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Uganda hosts IFAD rural-change conference


Uganda hosts IFAD rural-change conference

Allessandro Marini addressing the Munyonyo Conference delegates” width=”800″ height=”410″ /> Uganda’s IFAD Country Director, Allessandro Marini addressing the Munyonyo Conference delegates

The rural implementation workshop (RIW), the first of its kind to be held in Uganda, opened at the Munyonyo Resort Hotel this week, hosted by the International Fund for Agricultural Development (IFAD). The four-day assembly brought together 16 East and Southern African (ESA) countries.

This is a follow-up of a similar meeting which was held in Madagascar in 2015. The Munyonyo meet was convened to discuss, “Financial Inclusion in Rural Areas”, a theme, according to the Uganda IFAD Country Director, Allessandro Marini, was aimed at the participating delegations to “share and learn from each other’s experiences”.

He added: “We want farmers to become businessmen. Agriculture is not only about farming, but also a business activity.” In line with this, 28 farmers’ groups were also present as a discerning action in the private-public partnership cross-cutting factor for rural transformation.

The Minister of State for Finance and Economic Planning in-charge of Micro-finance, Haruna Kasolo Kyeyune, highlighted the goals that IFAD has to get to grips with in fostering the rural areas for the agro-based people to achieve economic transformation. These include: Uganda’s high population growth rate, among the highest in the world, put at 3.3%; pressure on land with limits on commercial farming; soil degradation; unfavourable market conditions for the small-holder farmers; and, crucially, financial unavailability.

On this last point, Kasolo said that it was a big challenge for the ESA countries with an agrarian population of 73%, which rural people are for now, mere spectators. “You cannot delegate someone to be rich on your behalf,” he lamented. “For people to grow rich, they need to save.”

He said that IFAD should look into providing the means to the 86% of the un-banked Uganda’s population. That would come with the information and provision for the availability of cheap and affordable credit to the small-holder agricultural farmers.

In answer, the IFAD Regional Director for ESA, Sana Jatta, said the IFAD strategy adopted in Madagascar in 2015, is to decentralize and dialogue at the country level. This had borne the result of the formation of Uganda’s innovative Programme for Financial Inclusion in Rural Areas – PROFIRA. He also cited the Vegetable Oil Development Project (VODP) in the 80 Kalangala islands in Masaka that had become a “flagship for rural transformation”.

On cue, the Minister of Agriculture, Animal Industries and Fisheries, Vincent Ssempijja, said that as a result of the IFAD’s participation in Uganda’s development process, 16 projects had been implemented in which the fund had put in 385 million dollars out of a total of $1.4b.

He said that a big part of this is financial inclusion which is a key driver to rural development; and in Uganda this has been reflected in the deliberate steps stipulated in the Vision 2040 in the National Development Plan.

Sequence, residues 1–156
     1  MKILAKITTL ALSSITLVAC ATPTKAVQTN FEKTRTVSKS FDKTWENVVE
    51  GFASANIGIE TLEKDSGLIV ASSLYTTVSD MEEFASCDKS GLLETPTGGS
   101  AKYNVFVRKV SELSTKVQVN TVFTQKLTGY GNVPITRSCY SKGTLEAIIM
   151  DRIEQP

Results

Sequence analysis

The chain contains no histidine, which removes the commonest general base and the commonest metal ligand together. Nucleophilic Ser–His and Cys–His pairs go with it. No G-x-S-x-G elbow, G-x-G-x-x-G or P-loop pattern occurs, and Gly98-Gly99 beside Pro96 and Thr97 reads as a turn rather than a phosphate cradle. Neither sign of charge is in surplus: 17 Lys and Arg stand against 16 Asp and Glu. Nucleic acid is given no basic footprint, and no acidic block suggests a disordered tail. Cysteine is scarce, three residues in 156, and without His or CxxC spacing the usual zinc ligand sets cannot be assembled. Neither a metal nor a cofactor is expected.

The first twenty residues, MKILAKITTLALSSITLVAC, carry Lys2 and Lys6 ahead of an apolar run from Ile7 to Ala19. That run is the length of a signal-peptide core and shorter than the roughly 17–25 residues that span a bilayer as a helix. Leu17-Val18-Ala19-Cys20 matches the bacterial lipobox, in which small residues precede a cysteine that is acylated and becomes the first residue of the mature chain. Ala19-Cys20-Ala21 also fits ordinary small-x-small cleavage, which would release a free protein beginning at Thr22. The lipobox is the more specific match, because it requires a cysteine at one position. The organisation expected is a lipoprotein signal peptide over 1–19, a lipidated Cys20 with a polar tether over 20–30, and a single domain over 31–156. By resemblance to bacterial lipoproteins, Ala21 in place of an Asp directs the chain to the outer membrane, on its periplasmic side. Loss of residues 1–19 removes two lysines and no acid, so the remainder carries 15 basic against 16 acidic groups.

Ssempijja said that steps taken by the Bank of Uganda and the promulgation of the Financial Inclusion Act had led to the emergence of the mobile money market phenomenon which had got the people’s participation from 35% in 2006, to 85%, last year.

Now, the mobile money statistics indicate that in 2008, only 10,010 people were using the mobile money facility whereas, by last year, the number had ballooned to 20.1 million people. Among other things, he added that it had led to the poverty reduction figure to fall from 56% in 1993 to 19.7% in 2013. Yet poverty was still widespread, with a third of the people, getting less than $1.9 dollars a day.

According to the minister, Vision 2040 had led to instituting the National Agricultural Plan aimed at achieving the household incomes for both food security and nutritional value. It will also provide for incomes to be achieved from sustained agricultural activity for value addition and trade, a key source of employment.

Still, Ssempijja, entreated IFAD to help strengthen agriculture, especially in bolstering the National Policy Framework of 2016-2020 which is geared towards in the adoption of the National Development Plans 1 and 11. The challenges involved in this are for IFAD to seek different approaches to for the involvement of the women and youth to be guiding factors in the relevant projects.

He said that other issues involved coming to grips with the effects of climate change; tackling agriculturally-inspired technology; and, getting the small-holder agricultural schemes to provide a build-up for the IFAD activities in the country.

ESA countries which participated in the Munyonyo meet 


As Uganda’s IFAD Country Director, Allessandro Marini, noted, the four-day conference was conducive to perceptions from the more than 320 delegated from 16 East and South African (ESA) region. These were enhanced by the presence of the staff-delegates from the IFAD headquarters based in Rome, Italy.

This well-attended Regional Implementation Workshop (RIW) drew delegations from: Angola, Botswana, Burundi, Ethiopia, Kenya, Rwanda, Lesotho, Madagascar, Malawi and Mozambique.

Other delegated were from: Seychelles, Swaziland, Tanzania, Zambia, Zimbabwe and Uganda, the host country.



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